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Program Testing Methodology Part One: Preparing for Testing

Written By: Dr. Edward J. Moskal
Published On: August 6 2004

Introduction

Before any system can be completely implemented on a production computer, the analysts and programmers working on the system must be able to state unequivocally that the programs work exactly as they were designed to work and that any errors or mistakes found in any of the data to be processed by the system will be handled properly. Since testing is quite unpredictable in terms of the results and, in some cases, the availability of the hardware required for testing, it is difficult to establish a day-to-day detailed testing schedule in advance. It should be possible, however, to estimate with some accuracy the time which will be required to test any given program. The most likely area for the "slipping" of deadlines in the implementation falls within the area of program and systems testing. When testing schedules are established, there should be adequate time allocated for testing.

To effectively test a program, the systems analyst should establish procedures which are to be followed. Basic rules for program testing and debugging that should be followed are summarized below.

  1. Individual programs should be compiled and all diagnostics removed prior to using test data.

  2. Test data should be created by the programmer that first tests all main routines.

  3. Additional test data should be created to assure that every routine and every instruction has been executed correctly at least once.

  4. Program testing should include testing with as many types of invalid data as is likely to occur when the system is in production.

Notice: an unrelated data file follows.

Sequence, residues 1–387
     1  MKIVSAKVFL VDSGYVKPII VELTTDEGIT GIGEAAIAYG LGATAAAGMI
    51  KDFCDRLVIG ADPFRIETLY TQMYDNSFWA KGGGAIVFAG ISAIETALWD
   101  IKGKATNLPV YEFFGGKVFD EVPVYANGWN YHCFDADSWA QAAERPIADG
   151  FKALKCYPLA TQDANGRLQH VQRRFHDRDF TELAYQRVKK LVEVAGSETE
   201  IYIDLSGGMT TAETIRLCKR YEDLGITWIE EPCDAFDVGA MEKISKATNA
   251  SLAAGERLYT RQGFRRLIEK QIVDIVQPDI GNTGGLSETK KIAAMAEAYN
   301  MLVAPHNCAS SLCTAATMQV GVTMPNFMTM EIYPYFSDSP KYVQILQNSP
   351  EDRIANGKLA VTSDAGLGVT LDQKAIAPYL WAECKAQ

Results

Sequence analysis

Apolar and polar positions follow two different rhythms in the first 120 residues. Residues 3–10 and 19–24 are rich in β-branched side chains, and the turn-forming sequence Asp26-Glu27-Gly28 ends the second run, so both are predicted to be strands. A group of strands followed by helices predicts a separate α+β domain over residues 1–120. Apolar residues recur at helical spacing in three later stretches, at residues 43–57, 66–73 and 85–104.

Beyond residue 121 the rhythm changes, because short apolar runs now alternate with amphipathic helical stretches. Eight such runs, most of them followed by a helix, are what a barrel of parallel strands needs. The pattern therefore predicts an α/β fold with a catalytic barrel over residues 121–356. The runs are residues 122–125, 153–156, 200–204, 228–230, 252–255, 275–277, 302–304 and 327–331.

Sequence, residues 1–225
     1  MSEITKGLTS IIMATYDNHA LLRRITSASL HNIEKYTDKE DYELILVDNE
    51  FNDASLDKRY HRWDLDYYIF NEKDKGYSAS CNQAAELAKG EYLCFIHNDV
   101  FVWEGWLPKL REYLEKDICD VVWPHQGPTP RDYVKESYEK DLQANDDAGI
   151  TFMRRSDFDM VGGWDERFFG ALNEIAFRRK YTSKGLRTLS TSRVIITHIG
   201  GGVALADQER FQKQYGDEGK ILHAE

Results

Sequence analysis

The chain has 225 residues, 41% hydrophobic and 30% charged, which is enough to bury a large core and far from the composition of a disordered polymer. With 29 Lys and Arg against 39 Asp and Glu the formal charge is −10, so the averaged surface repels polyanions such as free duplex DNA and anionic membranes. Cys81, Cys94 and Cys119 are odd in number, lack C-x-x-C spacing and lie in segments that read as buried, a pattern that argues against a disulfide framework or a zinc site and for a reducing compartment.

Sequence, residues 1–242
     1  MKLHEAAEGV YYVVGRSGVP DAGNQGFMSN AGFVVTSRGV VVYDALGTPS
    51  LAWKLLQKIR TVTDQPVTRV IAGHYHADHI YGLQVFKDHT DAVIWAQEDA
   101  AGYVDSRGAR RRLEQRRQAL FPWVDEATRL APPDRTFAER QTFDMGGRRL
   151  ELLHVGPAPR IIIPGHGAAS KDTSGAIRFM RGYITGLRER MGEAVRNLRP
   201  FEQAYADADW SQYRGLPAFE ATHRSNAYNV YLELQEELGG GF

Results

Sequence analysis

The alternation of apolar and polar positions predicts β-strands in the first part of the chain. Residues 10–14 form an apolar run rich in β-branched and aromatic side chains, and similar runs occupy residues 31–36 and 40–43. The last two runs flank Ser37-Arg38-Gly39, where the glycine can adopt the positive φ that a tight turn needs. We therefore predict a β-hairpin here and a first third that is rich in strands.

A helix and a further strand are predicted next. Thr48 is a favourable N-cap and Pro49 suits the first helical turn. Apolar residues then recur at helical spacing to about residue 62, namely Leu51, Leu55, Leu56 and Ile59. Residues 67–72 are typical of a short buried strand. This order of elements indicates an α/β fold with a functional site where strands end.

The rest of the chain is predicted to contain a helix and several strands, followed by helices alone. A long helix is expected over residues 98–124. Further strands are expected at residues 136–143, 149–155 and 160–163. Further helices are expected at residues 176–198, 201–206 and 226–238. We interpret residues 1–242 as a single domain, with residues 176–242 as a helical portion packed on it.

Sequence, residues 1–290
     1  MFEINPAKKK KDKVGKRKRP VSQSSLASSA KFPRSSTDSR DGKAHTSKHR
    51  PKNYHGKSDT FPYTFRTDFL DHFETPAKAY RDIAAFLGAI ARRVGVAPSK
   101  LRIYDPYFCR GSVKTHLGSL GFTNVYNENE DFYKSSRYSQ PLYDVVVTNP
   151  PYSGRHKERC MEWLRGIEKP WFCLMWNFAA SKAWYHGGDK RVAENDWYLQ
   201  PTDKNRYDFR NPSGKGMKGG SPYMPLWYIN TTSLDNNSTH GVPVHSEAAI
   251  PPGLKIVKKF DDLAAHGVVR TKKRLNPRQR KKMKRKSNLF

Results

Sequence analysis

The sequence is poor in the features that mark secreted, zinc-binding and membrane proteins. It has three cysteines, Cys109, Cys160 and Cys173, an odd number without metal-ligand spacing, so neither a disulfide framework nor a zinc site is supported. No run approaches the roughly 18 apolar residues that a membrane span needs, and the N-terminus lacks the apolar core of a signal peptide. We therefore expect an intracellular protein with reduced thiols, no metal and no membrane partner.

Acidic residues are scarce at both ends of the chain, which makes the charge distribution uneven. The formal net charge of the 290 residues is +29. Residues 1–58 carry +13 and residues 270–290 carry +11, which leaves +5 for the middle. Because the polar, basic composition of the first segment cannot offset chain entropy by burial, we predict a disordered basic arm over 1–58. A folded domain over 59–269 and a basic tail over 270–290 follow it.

5. After each program has been individually tested and debugged, related programs in the system should be tested as a unified group. This is called "link" or "string" testing.

  6. A final "systems test" should be performed using data prepared by the systems analyst and, in some cases, data which has been previously processed through the "old" system.

This is Part One of a two-part note.

Part One will discuss the roles of programmers and analysts during testing; how to test individual programs; and what type of test data should be created to ensure a successful system implementation.

Part Two will discuss the modes of testing and management and user approval.

Testing Individual Programs

The testing of each individual program, called unit testing, should be handled by the programmer who has written the program. The amount of testing which is required to certify that a program is ready for production and the amount of reliability which can be given to a program can be controversial. However, from a programmer's standpoint, a program should never enter systems testing and be put into production if the programmer has any doubt that the program will work.

Programs should first be compiled without using test data in order to eliminate all diagnostics in the program due to programming errors.

After a "clean" compilation is obtained, that is, one without any compilation diagnostics, the programmer should then desk check his or her program. Desk-checking refers to the process of "playing computer" with the source code/listing, that is, following every step in the program and analyzing what will take place as the routine is processed. Desk-checking is probably the most useful tool in debugging a program and it is the most neglected and abused. Many programmers, immediately upon obtaining a compilation with no diagnostics, resubmit the program for a test run with test data. This is not a good testing technique as time should be taken to review the source listing.

Desk-checking has an added benefit of re-familiarizing the programmer with the program. In a complex program, there may be a period of ten or more weeks between the time the program is started and the time it is compiled. During this time the programmer could forget some of the routines or other portions of the program which were written. When desk-checking, however, the programmer must go completely through these routines again. Thus, the routines will be refreshed in the programmer's mind. This can be of great aid if the program fails because the programmer is more likely to be able to isolate the problem faster and with more accuracy than if he or she had not reviewed the program in detail.

Creating Test Data